Chris Blattman

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My priors are overturned

We study how the duration of paid parental leave affects the accumulation of cognitive skills among children. Using a reform which extended parental leave benefits from 12 to 15 months for Swedish children born after August 1988 we evaluate the effects of prolonged parental leave on children’s test scores and grades at age 16.

We show that, on average, the reform had no effect on children’s scholastic performance. However, we do find positive effects for children of well-educated mothers, a result that is robust to a number of different specifications.

That is Qian Liu in Economic Analysis and Policy.

Two caveats. First, the alternative in Sweden is pretty good: subsidized day care. Second, there could be diminishing returns. I imagine the first six months of leave matter more than the 13th to 15th months.

When my wife started her position at a humanitarian organization, she and the other new execs were told that maternity leave could be taken… out of their accumulated sick days. Her fellow new colleague, from Ireland, leaned across the desk to the HR person: “Pregnancy,” she said “is not a sickness.”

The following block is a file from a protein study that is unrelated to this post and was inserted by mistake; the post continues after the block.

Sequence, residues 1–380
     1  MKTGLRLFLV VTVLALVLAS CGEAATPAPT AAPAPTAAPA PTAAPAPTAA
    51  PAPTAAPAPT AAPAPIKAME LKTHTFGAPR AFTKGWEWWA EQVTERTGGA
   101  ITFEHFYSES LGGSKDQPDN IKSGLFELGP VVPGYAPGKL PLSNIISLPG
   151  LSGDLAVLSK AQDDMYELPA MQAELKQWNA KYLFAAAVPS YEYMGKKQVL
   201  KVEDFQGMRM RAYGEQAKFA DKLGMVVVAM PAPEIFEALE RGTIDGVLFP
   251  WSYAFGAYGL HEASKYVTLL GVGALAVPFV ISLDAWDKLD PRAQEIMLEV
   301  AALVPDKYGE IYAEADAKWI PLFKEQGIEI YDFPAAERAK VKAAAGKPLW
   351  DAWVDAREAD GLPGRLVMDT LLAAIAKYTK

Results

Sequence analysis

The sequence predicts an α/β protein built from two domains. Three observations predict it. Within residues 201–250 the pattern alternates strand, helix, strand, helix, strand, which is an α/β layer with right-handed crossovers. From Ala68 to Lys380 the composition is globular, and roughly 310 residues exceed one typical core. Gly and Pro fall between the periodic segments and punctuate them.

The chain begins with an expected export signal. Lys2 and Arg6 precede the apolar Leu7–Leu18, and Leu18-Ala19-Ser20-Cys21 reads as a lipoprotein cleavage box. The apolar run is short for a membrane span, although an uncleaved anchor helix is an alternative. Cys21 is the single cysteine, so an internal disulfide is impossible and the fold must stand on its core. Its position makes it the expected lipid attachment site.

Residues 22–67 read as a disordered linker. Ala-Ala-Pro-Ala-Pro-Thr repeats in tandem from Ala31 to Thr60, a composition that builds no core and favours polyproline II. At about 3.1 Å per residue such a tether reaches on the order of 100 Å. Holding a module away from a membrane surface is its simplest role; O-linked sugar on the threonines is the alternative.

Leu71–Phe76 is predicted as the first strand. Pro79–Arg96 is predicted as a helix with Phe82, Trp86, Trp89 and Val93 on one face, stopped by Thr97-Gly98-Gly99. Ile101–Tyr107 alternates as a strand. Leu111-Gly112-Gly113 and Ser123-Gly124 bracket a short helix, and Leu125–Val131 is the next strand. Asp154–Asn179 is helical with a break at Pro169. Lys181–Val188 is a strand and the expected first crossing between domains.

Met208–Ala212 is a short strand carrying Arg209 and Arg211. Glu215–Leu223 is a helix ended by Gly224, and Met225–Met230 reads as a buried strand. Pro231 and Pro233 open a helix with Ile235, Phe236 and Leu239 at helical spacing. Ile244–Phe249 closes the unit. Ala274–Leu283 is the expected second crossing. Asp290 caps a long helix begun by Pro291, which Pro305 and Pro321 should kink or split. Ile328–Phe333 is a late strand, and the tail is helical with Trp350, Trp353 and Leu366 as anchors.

6 Responses

  1. Though the main benefit of early childhood education is *not* in test scores but in “socialization” like not dropping out of school, committing less crime etc., so I would argue that this probably isn’t looking at the relevant outcome since even earlier nurturing probably is even less likely to affect kids through school performance but rather through socialization type stuff.

    (See any number of papers; a recent example is David Deming’s AEJ paper on head start).

  2. Oh man, that was awesome. Because the thing that should be covered by health insurance is “sickness,” not “health.”

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